"He was always seeking peace and stability for Afghanistan, but he died before he could see his wish fulfilled," said Attaulrahman Salim, deputy head of the peace council. "We are still a country at war."
New Delhi, Feb 12 (AP/UNB) — Seventeen people died in a fire early Tuesday at a hotel in western New Delhi that left at least four others injured, police said.
The fire at the Arpit Palace Hotel has been extinguished, but authorities are still investigating what sparked it, Deputy Police Commissioner Mandeep Singh Randhawa said.
"We have to check the stability of the structure, check every room," Randhawa said.
The hotel is located in Karol Bagh, an area in India's capital city full of shops and budget hotels that is popular with tourists.
Twenty-five fire engines responded to the blaze, which had engulfed all but the ground floor of the five-story hotel, fire officer Vijay Paul said.
About three dozen people were rescued from the hotel, Paul said.
Among those rescued was Sivanand Chand, 43, a hotel guest who was jolted awake around 4 a.m., struggling to breathe.
"When I got out of my room, I could hear 'help, help!' from adjoining rooms," Chand told The Associated Press, adding that he opened the window and saw flames rising very fast.
"In 15 minutes, the whole room was black," he said.
The rescue took about 30 minutes because fire engine ladders could not initially reach Chand's floor, he said.
The injured were taken to hospitals, but their medical conditions were not immediately known.
Istanbul , Feb 12 (AP/UNB) — A military helicopter crashed Monday in a residential area of Istanbul while trying to make an emergency landing, killing four soldiers on board, Turkish officials said.
The UH-1 type helicopter crashed on the grounds of a housing complex in the Cekmekoy district on Istanbul's Asian side, Gov. Ali Yerlikaya told reporters at the site. No one on the ground was hurt.
It was the second UH-1 crash in a residential area in Istanbul in the past three months.
In November, a military helicopter with five soldiers on board crashed during a training mission after hitting the roof of a building in the Sancaktepe neighborhood, also on Istanbul's Asian side.
The four soldiers in Monday's crash were hospitalized with injuries but Yerlikaya later told reporters they did not survive.
The cause of the crash was not immediately known. The military said it had launched an investigation.
Television images showed emergency services working near the wreckage close to children's swings on a playground and thick smoke rising from the ground.
Seoul, Feb 10 (AP/UNB) — South Korea and the United States struck a new deal Sunday on how much Seoul should pay for the U.S. military presence on its soil, official said, after previous rounds of failed negotiations caused worries about their decades-long alliance.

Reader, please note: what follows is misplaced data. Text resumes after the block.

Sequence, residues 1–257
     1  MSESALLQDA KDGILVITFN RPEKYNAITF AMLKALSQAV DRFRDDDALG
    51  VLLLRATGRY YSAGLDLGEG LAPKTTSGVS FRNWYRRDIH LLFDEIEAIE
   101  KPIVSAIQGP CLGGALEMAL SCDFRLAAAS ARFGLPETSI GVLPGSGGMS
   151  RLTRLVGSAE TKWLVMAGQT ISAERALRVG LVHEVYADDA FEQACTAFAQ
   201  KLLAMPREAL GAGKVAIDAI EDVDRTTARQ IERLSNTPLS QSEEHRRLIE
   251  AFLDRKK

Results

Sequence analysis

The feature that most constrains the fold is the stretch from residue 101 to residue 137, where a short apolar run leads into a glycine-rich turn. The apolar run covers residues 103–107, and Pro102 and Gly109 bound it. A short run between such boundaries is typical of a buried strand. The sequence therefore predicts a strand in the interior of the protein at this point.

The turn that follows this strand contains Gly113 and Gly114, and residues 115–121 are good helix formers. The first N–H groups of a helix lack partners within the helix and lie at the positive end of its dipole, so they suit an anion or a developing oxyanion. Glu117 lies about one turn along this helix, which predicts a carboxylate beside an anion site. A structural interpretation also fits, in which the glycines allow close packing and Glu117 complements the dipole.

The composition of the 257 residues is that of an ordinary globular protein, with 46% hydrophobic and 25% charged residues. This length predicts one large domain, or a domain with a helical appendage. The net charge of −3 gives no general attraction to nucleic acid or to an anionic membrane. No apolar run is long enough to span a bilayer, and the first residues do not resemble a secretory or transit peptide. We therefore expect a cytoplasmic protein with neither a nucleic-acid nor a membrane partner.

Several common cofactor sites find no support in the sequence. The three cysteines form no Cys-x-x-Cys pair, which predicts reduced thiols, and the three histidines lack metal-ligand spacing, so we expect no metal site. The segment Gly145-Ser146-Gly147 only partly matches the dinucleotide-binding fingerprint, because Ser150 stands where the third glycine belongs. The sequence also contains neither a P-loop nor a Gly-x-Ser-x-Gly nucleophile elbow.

Last year, South Korea provided about $830 million, roughly 40 percent of the cost of the deployment of 28,500 U.S. soldiers whose presence is meant to deter aggression from North Korea. President Donald Trump has said South Korea should pay more.
The allies had failed to reach a new cost-sharing plan during some 10 rounds of talks. On Sunday, Seoul's Foreign Ministry said the countries signed a new deal. A five-year 2014 deal that covered South Korea's payment last year had expired at the end of 2018.
Some conservatives in South Korea voiced concerns over a weakening alliance with the United States amid a stalemate in negotiations with North Korea to deprive it of its nuclear weapons. They said Trump might use the failed military cost-sharing negotiations as an excuse to pull back some of U.S. troops in South Korea, as a bargaining chip in talks with North Korean leader Kim Jong Un.
Trump told CBS' "Face the Nation" last Sunday that he has no plans to withdraw troops from South Korea.
Trump announced last week that he will sit down with Kim for a second summit in Hanoi, Vietnam in late February. Their first summit in Singapore last June resulted in Kim's vague commitment to "complete denuclearization of the Korean Peninsula," a term that his propaganda machine previously used when it argued it would only denuclearize after the U.S. withdraws its troops from South Korea.
The South Korean ministry hasn't immediately revealed the exact amount of money Seoul would pay this year under the new deal.
Yonhap news agency reported that South Korea will provide about 1.04 trillion won ($924 million) in 2019. Yonhap said the U.S. had previously demanded 1.13 trillion won ($1 billion) from South Korea.
The U.S. military arrived in South Korea to disarm Japan, which colonized the Korean Peninsula from 1910-45, following its World War II defeat. Most U.S. troops were withdrawn in 1949 but they returned the next year to fight alongside South Korea in the 1950-53 Korean War.
South Korea began paying for the U.S. military deployment in the early 1990s, after rebuilding its war-devastated economy. The big U.S. military presence in South Korea is a symbol of the countries' alliance, forged in blood during the war, but also a source of long-running anti-American sentiments.